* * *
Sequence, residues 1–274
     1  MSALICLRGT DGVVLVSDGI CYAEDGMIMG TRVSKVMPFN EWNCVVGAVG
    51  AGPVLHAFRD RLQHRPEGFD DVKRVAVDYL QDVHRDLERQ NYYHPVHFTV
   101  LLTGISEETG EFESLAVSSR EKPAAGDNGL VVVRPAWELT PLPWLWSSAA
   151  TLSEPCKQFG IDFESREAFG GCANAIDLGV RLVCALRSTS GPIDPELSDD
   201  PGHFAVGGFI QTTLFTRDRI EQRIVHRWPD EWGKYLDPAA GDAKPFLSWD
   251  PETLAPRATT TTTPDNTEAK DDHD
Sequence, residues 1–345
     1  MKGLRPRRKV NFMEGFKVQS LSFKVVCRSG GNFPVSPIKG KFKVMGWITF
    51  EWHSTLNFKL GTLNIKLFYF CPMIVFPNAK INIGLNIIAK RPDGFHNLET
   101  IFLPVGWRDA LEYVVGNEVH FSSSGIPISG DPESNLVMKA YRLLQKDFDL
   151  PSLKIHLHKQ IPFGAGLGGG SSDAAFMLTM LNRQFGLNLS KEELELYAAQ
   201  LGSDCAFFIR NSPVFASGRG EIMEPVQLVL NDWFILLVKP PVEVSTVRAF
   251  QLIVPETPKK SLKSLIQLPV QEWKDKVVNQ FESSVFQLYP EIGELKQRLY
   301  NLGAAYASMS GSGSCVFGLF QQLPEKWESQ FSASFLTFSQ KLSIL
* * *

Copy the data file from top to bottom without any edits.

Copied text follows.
Sequence, residues 1–274
     1  MSALICLRGT DGVVLVSDGI CYAEDGMIMG TRVSKVMPFN EWNCVVGAVG
    51  AGPVLHAFRD RLQHRPEGFD DVKRVAVDYL QDVHRDLERQ NYYHPVHFTV
   101  LLTGISEETG EFESLAVSSR EKPAAGDNGL VVVRPAWELT PLPWLWSSAA
   151  TLSEPCKQFG IDFESREAFG GCANAIDLGV RLVCALRSTS GPIDPELSDD
   201  PGHFAVGGFI QTTLFTRDRI EQRIVHRWPD EWGKYLDPAA GDAKPFLSWD
   251  PETLAPRATT TTTPDNTEAK DDHD
Sequence, residues 1–345
     1  MKGLRPRRKV NFMEGFKVQS LSFKVVCRSG GNFPVSPIKG KFKVMGWITF
    51  EWHSTLNFKL GTLNIKLFYF CPMIVFPNAK INIGLNIIAK RPDGFHNLET
   101  IFLPVGWRDA LEYVVGNEVH FSSSGIPISG DPESNLVMKA YRLLQKDFDL
   151  PSLKIHLHKQ IPFGAGLGGG SSDAAFMLTM LNRQFGLNLS KEELELYAAQ
   201  LGSDCAFFIR NSPVFASGRG EIMEPVQLVL NDWFILLVKP PVEVSTVRAF
   251  QLIVPETPKK SLKSLIQLPV QEWKDKVVNQ FESSVFQLYP EIGELKQRLY
   301  NLGAAYASMS GSGSCVFGLF QQLPEKWESQ FSASFLTFSQ KLSIL